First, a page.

The club couldn’t have planned it this way, but on a day after Barça lost a Champions League match and the planet stopped spinning, came news sufficient to warm any cule’s heart:
Eric Abidal has received medical clearance
Let that sink in for a moment.
His last match for the side was in February 2012, a month that many of us have come to think of as Hlebruary, because all the bad stuff that is going to happen to the team, usually happens then. So I guess it shouldn’t be at all surprising, this bit of information. He had transplant surgery that same April, and ever since then, has been fighting. Speculation was rife: he would never play for the club again, he was going to make some sort of a ceremonial return and then retire, he’s never going to be at the level that he was before he left, etc, etc. But here’s something for all of those people and speculators:
I don’t care.
This story first began even farther back, when team doctors found “something” in Abidal, and operated to remove it. Speculation was rife that it might have been cancer, but it wasn’t until the player himself did an interview with L’Equipe that it was confirmed: It was cancer, and the fight wasn’t over yet.
Barça was battling for the Champions League that season, and in the aftermath of a France friendly in Wembley Stadium, Abidal had the audacity to leave a promissory note, a promise that he would return in May with his team, for that Champions League final. Then he had his operation that season, and against our most hated rival, Real Madrid, Abidal returned to the side as a substitute for our captain, Carles Puyol.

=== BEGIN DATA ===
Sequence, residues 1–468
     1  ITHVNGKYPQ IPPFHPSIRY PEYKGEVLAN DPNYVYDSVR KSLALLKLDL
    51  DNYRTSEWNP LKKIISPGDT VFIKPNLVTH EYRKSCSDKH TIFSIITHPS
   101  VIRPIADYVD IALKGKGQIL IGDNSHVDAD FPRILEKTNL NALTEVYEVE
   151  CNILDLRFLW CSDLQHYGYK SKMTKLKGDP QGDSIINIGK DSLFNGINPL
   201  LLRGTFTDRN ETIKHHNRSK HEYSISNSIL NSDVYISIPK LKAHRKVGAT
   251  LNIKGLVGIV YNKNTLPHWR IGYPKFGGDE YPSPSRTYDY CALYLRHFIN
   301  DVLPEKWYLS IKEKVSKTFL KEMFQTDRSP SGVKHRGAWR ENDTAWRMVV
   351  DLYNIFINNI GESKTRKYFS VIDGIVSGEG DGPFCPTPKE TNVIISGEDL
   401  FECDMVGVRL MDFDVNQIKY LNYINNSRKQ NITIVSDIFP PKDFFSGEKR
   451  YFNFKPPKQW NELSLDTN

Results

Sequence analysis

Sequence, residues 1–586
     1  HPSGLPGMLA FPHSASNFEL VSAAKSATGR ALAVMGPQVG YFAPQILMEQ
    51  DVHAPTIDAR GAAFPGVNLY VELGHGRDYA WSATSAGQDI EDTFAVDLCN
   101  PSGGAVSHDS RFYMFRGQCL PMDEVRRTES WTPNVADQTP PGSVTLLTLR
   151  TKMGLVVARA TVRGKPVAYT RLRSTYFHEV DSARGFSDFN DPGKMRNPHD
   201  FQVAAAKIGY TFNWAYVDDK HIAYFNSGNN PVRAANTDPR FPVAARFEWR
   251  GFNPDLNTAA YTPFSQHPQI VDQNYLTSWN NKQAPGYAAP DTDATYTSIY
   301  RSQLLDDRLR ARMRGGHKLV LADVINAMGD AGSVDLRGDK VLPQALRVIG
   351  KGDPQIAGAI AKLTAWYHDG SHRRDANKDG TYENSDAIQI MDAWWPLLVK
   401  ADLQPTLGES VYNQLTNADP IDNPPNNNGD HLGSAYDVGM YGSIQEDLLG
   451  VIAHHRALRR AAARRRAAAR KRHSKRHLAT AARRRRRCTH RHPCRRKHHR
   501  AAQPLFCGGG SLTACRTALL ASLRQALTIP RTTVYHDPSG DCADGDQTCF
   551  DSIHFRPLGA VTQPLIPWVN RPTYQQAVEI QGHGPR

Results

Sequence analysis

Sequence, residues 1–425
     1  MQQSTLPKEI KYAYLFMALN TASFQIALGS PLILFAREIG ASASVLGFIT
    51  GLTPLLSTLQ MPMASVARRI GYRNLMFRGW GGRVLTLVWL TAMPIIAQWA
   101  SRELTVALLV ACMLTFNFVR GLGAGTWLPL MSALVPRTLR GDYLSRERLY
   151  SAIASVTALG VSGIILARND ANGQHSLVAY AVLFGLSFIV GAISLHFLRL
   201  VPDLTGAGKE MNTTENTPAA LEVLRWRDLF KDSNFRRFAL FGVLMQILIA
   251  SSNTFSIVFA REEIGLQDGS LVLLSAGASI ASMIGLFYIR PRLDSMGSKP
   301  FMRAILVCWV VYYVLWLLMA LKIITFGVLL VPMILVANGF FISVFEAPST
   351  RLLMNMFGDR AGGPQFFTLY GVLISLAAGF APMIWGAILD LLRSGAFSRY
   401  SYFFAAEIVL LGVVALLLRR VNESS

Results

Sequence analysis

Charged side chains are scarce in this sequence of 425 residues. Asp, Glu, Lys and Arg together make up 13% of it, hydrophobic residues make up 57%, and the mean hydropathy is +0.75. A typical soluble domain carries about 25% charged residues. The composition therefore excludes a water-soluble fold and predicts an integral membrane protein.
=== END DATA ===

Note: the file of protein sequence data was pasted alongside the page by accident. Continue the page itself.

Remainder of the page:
But the battle wasn’t over, as it turned out. Even as Barça won that Champions League final and Abidal rocked the Captain’s armband and hoisted the trophy, the exultation in his face and demeanor probably hid what even then, so many suspected: It wasn’t over yet.
Cancer is a capricious thing, essentially a betrayal by our own bodies. Too many of us know someone who has fought with this beast, and won or lost. I know both, including a dude who was like a brother to me. Brain cancer took him. Because so many of us know someone who has fought the fight, because cancer is so personal, so vile, so fundamentally evil, we take it personally. We ask why, when it brushes us. What made that one cell make the decision to destroy? Nobody knows. And it’s scary, because it takes strong, great people and reduces them. Many of them come back, as doctors and medical science get better at helping people entrench and fight that war. But many of them don’t.
Abidal’s situation, and the subsequent situation that is still ongoing with Tito Vilanova, made all of this football stuff seem like what it is: a game. A kickabout by millionaires in shorts. We fret, we worry, we argue and meanwhile, cancer is doing what it does. Life is happening.
Barça got its ass handed to it by AC Milan yesterday in Champions League. Today, I kinda don’t care. Xavi said it best in today’s presser, when he said that you do your best, and you win or lose. You don’t fail, as long as you did your best. Yes, you are disappointed if you don’t achieve the desired outcome, but you don’t fail. And then he said that irrespective of everything, the return of our French Greyhound is the best possible news that the club could have, that supersedes the victories and the competitions. And I couldn’t have said it better myself.
The team lost, and life won. You tell ME which one is more important.